August 11, 2018
Some of you may be wondering how I could have been on medical leave from work due to extreme sciatica pain, yet publish a couple of articles. Well, here’s how it happened.
Week before last’s article and this were dictated to my phone while lying flat on my back. (I also did a few small things for my work at the Chapel, again using my phone, on my back.) These are pretty good tools for modern times.
After dictating and cleaning up, I transferred these to the computer in my office. A few moments at a time, lying down or kneeling in between for pain relief, I added a few pictures and links. So now you know.
On with the story.
I found something fascinating in a book I have been reading called Radical Remission. It has to do with birds.
In the book there is a story about a Japanese man who overworked himself into a shambles of health. His name is Shin Terayama.
As is, or maybe used to be, common in their culture, he worked 12 to 15 hours a day. His career went great. He ended up as the president of his own consulting firm, whereupon his daily hours increased dramatically.
At age 46, he would be at meetings from 5 to 8 in the morning. The next three hours were given to visiting companies. In the afternoon he would talk to management of his firm. In the evening from 6 to 9 PM he talked to the staff then he returned to his office at 9 PM and worked until 2 AM to prepare for the next day. He did this every day!
With his body worn down, fatigue started to take over, and eventually he ended up with a grotesque case of cancer. He went through all the standard chemo and radiation operations.
Later he had a strange dream. He was lying in his coffin, looking at his own funeral. When the lid of the coffin closed, in his dream he returned to his body and shouted “I am still alive”.
With that incident something changed in Shin. For some reason, after that dream, he had an almost supernaturally strong sense of smell. He could not stand the odors in the hospital. One night he went out to the roof of the hospital so he could get some fresh air. It changed his whole outlook.
He left the hospital and left standard medical treatment. He was very sick when he made this choice.
When he got home from the hospital, he awoke before sunrise and was so grateful about being alive to see another day. He said “I am alive! Today is a new day!“.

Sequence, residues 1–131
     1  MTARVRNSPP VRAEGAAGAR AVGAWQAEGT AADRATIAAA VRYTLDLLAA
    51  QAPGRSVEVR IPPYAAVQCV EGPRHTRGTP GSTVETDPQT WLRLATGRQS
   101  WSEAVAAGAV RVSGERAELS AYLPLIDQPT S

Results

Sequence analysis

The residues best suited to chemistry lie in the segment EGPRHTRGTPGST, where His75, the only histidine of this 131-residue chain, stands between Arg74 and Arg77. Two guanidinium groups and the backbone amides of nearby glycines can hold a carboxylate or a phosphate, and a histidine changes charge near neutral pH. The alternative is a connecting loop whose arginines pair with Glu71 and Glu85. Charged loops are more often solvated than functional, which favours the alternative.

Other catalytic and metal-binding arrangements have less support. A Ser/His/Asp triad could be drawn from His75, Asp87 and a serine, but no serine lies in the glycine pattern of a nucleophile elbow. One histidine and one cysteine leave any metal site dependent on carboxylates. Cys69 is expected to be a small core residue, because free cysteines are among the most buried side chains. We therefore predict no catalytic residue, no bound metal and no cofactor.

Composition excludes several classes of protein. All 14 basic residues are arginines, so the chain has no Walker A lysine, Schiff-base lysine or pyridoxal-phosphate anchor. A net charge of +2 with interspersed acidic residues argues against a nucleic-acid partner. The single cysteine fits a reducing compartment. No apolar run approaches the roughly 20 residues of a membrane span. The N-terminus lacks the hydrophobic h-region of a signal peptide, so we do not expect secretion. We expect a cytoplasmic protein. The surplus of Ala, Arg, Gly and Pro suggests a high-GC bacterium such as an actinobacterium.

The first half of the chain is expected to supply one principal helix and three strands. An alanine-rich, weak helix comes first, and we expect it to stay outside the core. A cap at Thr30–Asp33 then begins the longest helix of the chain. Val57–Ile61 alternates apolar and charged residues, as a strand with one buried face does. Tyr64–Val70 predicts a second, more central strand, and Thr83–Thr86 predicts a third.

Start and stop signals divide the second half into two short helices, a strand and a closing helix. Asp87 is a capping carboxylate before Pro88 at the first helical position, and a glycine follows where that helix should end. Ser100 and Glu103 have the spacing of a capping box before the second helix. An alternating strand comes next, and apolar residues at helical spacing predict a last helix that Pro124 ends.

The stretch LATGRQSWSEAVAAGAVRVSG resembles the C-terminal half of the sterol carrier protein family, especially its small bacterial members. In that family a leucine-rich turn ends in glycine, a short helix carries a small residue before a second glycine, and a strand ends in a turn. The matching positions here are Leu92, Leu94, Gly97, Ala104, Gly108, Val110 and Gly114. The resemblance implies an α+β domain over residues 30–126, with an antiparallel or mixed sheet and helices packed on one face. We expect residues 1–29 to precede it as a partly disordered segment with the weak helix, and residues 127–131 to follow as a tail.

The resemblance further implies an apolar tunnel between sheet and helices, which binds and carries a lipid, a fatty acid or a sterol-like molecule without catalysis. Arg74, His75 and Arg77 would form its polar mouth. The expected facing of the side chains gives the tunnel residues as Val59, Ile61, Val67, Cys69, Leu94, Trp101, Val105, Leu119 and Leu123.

He went to the rooftop of his apartment to see the sunrise on the eighth floor. He started making this a regular practice. Gradually he got better by doing this and many other things.
One day when Shin woke up before sunrise he noticed the birds were already singing, which made him curious. He wondered why and when they began to sing, so he got up 10 minutes earlier, then 20 minutes earlier. They were singing. 30 minutes earlier and they were singing.
Finally he got up one hour before sunrise and it was completely quiet. He timed it and when they started singing it was 42 minutes before sunrise. This happened every day. They were silent until 42 minutes before sunrise.
He was so intrigued by this he tried something with their pet birds who were usually shut in so they could sleep at night. He bought some oxygen from the pharmacy, and fed a little bit to those birds around midnight. They began chirping. He waited until 2:30 AM and did it again; the birds began singing. Next they began singing 42 minutes before sunrise and chirped continuously until the sun was up.
What in the world to make of this?
I am still thinking on it. But I sure like the phrase, “42 minutes before sunrise”. Somehow there is hope in that phrase.
First, it reminds me that God sees the little sparrow that falls to the ground. It speaks to me that He has creation dialed in, down to the smallest detail.
These birds, 42 minutes before sunrise, sense the flow of oxygen from photosynthesis that evidently begins before the sun is even up. Photosynthesis is a miracle in itself. Who can understand how that works?
But as soon as fresh oxygen starts flowing, birds sing their joy to the heavens. Shin found this so intriguing and amazing, he got up before sunrise many times to take in fresh oxygen for his lung cancer.
These little birds do not concern themselves with the question of whether the sun will actually rise. The first glimmer of light and the first breath of fresh oxygen, they jump right into it, making those melodies. Don’t worry, just sing.
This reminds me that I can sing praise to the heavens – to the God of heavens – before I actually see the sun for which I’m hoping. A little bit of light brings a great deal of hope.
This reminds me that God is the author of light, and in fact He is light himself. Light brings such energy, healing, and life. I exult in it. Every morning, we get notice, 42 minutes before sunrise, that the big orb is going to show up.
This speaks to me that we can rejoice before that for which we hope has been realized.
God‘s creation is well ordered. He upholds all things by the Word of His power. This should be a great comfort to everyone of us and cause us to sing joy and praise.
Do you see the glimmer of sunrise? Hang on and sing your rejoicing.